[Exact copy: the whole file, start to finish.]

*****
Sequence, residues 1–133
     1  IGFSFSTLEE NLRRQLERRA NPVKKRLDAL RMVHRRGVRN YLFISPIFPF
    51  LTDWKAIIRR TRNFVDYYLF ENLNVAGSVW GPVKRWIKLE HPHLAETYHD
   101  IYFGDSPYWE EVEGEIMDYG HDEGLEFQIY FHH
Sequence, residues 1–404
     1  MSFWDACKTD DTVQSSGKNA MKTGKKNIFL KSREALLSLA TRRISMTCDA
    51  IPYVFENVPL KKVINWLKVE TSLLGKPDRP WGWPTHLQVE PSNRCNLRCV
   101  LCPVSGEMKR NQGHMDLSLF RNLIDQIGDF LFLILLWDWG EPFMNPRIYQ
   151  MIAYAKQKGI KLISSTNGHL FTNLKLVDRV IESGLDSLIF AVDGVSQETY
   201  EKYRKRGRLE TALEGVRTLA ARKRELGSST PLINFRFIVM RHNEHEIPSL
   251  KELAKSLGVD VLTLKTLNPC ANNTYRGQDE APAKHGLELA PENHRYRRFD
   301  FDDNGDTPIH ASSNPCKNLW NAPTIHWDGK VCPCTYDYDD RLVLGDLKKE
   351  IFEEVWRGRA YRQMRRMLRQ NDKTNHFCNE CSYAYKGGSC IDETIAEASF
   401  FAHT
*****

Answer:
Sequence, residues 1–133
     1  IGFSFSTLEE NLRRQLERRA NPVKKRLDAL RMVHRRGVRN YLFISPIFPF
    51  LTDWKAIIRR TRNFVDYYLF ENLNVAGSVW GPVKRWIKLE HPHLAETYHD
   101  IYFGDSPYWE EVEGEIMDYG HDEGLEFQIY FHH
Sequence, residues 1–404
     1  MSFWDACKTD DTVQSSGKNA MKTGKKNIFL KSREALLSLA TRRISMTCDA
    51  IPYVFENVPL KKVINWLKVE TSLLGKPDRP WGWPTHLQVE PSNRCNLRCV
   101  LCPVSGEMKR NQGHMDLSLF RNLIDQIGDF LFLILLWDWG EPFMNPRIYQ
   151  MIAYAKQKGI KLISSTNGHL FTNLKLVDRV IESGLDSLIF AVDGVSQETY
   201  EKYRKRGRLE TALEGVRTLA ARKRELGSST PLINFRFIVM RHNEHEIPSL
   251  KELAKSLGVD VLTLKTLNPC ANNTYRGQDE APAKHGLELA PENHRYRRFD
   301  FDDNGDTPIH ASSNPCKNLW NAPTIHWDGK VCPCTYDYDD RLVLGDLKKE
   351  IFEEVWRGRA YRQMRRMLRQ NDKTNHFCNE CSYAYKGGSC IDETIAEASF
   401  FAHT